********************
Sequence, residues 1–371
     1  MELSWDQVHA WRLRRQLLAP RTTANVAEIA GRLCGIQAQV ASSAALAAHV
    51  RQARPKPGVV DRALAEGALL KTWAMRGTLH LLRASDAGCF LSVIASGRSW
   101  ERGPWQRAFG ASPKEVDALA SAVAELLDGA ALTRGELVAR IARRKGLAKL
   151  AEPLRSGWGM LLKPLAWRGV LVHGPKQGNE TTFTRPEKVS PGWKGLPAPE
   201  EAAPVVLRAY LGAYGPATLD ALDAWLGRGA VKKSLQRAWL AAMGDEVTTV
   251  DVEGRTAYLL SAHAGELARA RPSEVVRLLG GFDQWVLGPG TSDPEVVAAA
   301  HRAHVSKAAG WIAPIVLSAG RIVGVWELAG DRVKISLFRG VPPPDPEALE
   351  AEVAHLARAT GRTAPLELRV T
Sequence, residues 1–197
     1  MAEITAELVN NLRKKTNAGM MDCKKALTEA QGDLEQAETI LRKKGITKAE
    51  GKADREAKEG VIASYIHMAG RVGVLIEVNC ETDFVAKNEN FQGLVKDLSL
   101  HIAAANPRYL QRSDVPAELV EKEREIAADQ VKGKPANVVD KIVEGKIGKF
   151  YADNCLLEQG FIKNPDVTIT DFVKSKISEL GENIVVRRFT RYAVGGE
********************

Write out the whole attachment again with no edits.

Sequence, residues 1–371
     1  MELSWDQVHA WRLRRQLLAP RTTANVAEIA GRLCGIQAQV ASSAALAAHV
    51  RQARPKPGVV DRALAEGALL KTWAMRGTLH LLRASDAGCF LSVIASGRSW
   101  ERGPWQRAFG ASPKEVDALA SAVAELLDGA ALTRGELVAR IARRKGLAKL
   151  AEPLRSGWGM LLKPLAWRGV LVHGPKQGNE TTFTRPEKVS PGWKGLPAPE
   201  EAAPVVLRAY LGAYGPATLD ALDAWLGRGA VKKSLQRAWL AAMGDEVTTV
   251  DVEGRTAYLL SAHAGELARA RPSEVVRLLG GFDQWVLGPG TSDPEVVAAA
   301  HRAHVSKAAG WIAPIVLSAG RIVGVWELAG DRVKISLFRG VPPPDPEALE
   351  AEVAHLARAT GRTAPLELRV T
Sequence, residues 1–197
     1  MAEITAELVN NLRKKTNAGM MDCKKALTEA QGDLEQAETI LRKKGITKAE
    51  GKADREAKEG VIASYIHMAG RVGVLIEVNC ETDFVAKNEN FQGLVKDLSL
   101  HIAAANPRYL QRSDVPAELV EKEREIAADQ VKGKPANVVD KIVEGKIGKF
   151  YADNCLLEQG FIKNPDVTIT DFVKSKISEL GENIVVRRFT RYAVGGE